Jake Gallagher | A Continuous Lean.

On the Hunt for Gurkha Shorts.

Apr 17th, 2014 | Categories: England, History, Jake Gallagher, Menswear, Military | by Jake Gallagher

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With its dual strap waistband, barrel cut legs, high inseam, and row upon row of pleats, the Gurkha short is certainly not for the faint of heart, but we’re sure the original Gurkha wouldn’t have it any other way. This overloaded short can be traced back to the Gurkha, a legendary Nepalese military regiment that consisted of that nation’s most fearless soldiers. The Gurkha were so revered for their bravery that even after suffering a loss to the British during the Anglo–Nepalese War in the early eighteen-hundreds, the kingdom enlisted them to fight for the English Empire.

Their legendary prowess at combat was not the only thing the Gurkha brought along with them when they joined forces with their former adversaries, for they also contributed, well their name. Overtime these shorts, which like almost all colonial garb featured a tan color and loose cut that could easily combat the often oppressive heat, were given the Gurkha name as they were so popular within the region.





Five Umbrellas Worth Hanging Onto.

Apr 15th, 2014 | Categories: Accessories, Jake Gallagher | by Jake Gallagher

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There’s been so much talk about this year’s endless winter that it almost seems cruel to discuss the weather at this point, and yet as we finally begin to thaw out from this infinite freeze, we also enter into Spring’s inevitable rainy season. Without the escape brought by a car, life in the city during the rainy months requires preparation and advance planning not accustom to most men. It also offers the opportunity to a stylish and useful tool like the umbrella. We’ll leave it to The Wirecutter to obsess over price and function, and we’ll focus our efforts on style.





Jack Purcell | 80 Years Later a Legend Evolves.

Apr 14th, 2014 | Categories: Footwear, Jake Gallagher | by Jake Gallagher

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It began with a smile.

More even than the man himself, the Jack Purcell line is best represented by a smile. Not everyone can recall that Jack Purcell was a Canadian badminton player, but we can guarantee that most people can recognize that subtle black “smile” that’s stamped on the front of his signature sneakers. And now nearly eight decades after Jack first took to the court in those white plimsolls, Converse is taking the brand to new heights thanks to that smile.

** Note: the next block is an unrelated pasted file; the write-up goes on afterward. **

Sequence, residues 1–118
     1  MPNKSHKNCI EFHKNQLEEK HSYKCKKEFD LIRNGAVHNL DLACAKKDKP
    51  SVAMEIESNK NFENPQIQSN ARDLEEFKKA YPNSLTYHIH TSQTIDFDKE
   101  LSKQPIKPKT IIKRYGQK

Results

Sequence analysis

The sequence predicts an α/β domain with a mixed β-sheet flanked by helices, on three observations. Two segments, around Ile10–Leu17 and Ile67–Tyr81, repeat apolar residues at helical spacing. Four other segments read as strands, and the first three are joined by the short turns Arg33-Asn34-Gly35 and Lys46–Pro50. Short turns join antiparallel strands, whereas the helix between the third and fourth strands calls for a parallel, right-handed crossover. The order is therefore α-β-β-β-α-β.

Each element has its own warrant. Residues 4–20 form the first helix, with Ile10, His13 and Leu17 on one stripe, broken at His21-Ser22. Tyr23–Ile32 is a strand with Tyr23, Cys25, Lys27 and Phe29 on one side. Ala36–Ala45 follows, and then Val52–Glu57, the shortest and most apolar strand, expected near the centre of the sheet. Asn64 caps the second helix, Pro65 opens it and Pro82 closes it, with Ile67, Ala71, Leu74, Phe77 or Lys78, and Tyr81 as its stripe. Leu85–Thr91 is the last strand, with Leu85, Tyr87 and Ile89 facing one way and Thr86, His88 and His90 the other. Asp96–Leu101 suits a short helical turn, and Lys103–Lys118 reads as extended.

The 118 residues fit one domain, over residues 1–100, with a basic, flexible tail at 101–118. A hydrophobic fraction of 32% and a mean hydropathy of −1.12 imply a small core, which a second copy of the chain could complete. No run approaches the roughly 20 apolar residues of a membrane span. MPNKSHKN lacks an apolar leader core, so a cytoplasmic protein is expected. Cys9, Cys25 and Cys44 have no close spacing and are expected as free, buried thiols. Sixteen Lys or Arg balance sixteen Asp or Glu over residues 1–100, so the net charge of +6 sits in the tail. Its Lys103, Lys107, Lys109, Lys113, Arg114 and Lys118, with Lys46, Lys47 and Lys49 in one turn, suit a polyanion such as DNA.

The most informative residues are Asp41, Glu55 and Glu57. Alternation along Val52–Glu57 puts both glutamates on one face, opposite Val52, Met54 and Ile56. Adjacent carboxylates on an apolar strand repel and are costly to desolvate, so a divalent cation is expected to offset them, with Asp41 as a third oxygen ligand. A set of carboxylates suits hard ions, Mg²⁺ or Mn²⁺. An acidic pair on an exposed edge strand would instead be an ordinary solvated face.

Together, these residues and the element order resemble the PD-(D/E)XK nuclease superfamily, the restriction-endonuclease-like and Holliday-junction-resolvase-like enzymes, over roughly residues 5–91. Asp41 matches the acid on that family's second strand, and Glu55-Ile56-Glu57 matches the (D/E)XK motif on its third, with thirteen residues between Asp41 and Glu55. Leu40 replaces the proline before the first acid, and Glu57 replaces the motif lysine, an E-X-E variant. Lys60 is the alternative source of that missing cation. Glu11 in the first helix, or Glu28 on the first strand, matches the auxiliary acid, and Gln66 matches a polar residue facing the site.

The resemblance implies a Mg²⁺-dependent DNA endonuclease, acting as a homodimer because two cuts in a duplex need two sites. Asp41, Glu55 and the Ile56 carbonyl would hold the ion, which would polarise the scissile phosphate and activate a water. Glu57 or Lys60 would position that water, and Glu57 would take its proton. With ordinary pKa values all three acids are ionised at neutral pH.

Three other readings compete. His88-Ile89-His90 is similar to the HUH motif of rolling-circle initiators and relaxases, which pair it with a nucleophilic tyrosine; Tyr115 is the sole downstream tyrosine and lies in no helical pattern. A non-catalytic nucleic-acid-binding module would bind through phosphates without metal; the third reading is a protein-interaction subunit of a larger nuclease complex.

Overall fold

Converse has transformed that upturned line into a logo, stamping it proudly on a tee alongside their straightforward, unflappable message, “Smile.” That t-shirt is just the start of the brand’s newly formed apparel collection, which includes a polo (again with an all-over print smile motif that is almost reminiscent of waves), a lightweight blazer, and a unique barn jacket/blazer mash-up. Of course, the sneakers are still the most extensive part of the collection, adding a premium edge to the iconic silhouette, most notably on an indigo colored pair that features the wavy smile pattern.





America’s “Forgotten” Vacation Destinations

Apr 11th, 2014 | Categories: Americana, Jake Gallagher | by Jake Gallagher

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Americans just don’t vacation like they used to. Cross country road trips, picturesque mountain resorts, and far off seaside towns have been replaced by “staycations,” transcontinental cruises, and brief weekend jaunts to the city. The glory days of Griswold-ian journeys, Borscht belt summers, and month long excursions across the midwest are now behind us, and in their wake many of America’s once mighty vacation destinations, such as the five spots below, have begun to fade off into obscurity.





A Conversation with Michael Hill of Drake’s London.

Apr 8th, 2014 | Categories: A Conversation With, Accessories, Jake Gallagher, London, Menswear | by Jake Gallagher